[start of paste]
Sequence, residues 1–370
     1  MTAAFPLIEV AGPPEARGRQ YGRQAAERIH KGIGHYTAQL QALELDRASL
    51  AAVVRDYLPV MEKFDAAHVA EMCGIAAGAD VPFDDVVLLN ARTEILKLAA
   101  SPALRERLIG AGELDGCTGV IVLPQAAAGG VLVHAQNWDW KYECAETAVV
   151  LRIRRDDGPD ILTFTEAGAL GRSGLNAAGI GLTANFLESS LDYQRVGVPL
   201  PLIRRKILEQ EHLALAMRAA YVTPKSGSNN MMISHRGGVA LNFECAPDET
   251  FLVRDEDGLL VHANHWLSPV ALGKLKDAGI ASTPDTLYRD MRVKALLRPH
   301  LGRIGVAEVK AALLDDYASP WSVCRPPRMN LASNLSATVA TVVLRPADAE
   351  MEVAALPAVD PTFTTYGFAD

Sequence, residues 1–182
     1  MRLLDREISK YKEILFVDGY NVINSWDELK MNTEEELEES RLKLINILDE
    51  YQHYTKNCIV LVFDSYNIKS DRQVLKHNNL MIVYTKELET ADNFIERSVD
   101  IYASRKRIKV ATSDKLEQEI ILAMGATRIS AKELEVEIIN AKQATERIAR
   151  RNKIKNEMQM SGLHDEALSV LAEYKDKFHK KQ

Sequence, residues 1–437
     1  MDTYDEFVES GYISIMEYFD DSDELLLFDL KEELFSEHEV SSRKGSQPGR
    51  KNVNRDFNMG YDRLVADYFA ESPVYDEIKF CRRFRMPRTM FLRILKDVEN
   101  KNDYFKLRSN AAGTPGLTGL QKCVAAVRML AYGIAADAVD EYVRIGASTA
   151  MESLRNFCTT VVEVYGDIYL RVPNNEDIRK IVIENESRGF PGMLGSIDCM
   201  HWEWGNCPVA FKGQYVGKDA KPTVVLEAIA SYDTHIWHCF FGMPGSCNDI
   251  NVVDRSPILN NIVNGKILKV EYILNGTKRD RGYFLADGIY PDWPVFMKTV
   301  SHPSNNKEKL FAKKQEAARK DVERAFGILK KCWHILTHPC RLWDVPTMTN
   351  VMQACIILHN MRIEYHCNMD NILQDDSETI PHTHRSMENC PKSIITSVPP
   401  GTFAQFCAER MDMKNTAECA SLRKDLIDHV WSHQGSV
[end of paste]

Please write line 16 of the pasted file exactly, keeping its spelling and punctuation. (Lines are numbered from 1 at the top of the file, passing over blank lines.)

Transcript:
     1  MDTYDEFVES GYISIMEYFD DSDELLLFDL KEELFSEHEV SSRKGSQPGR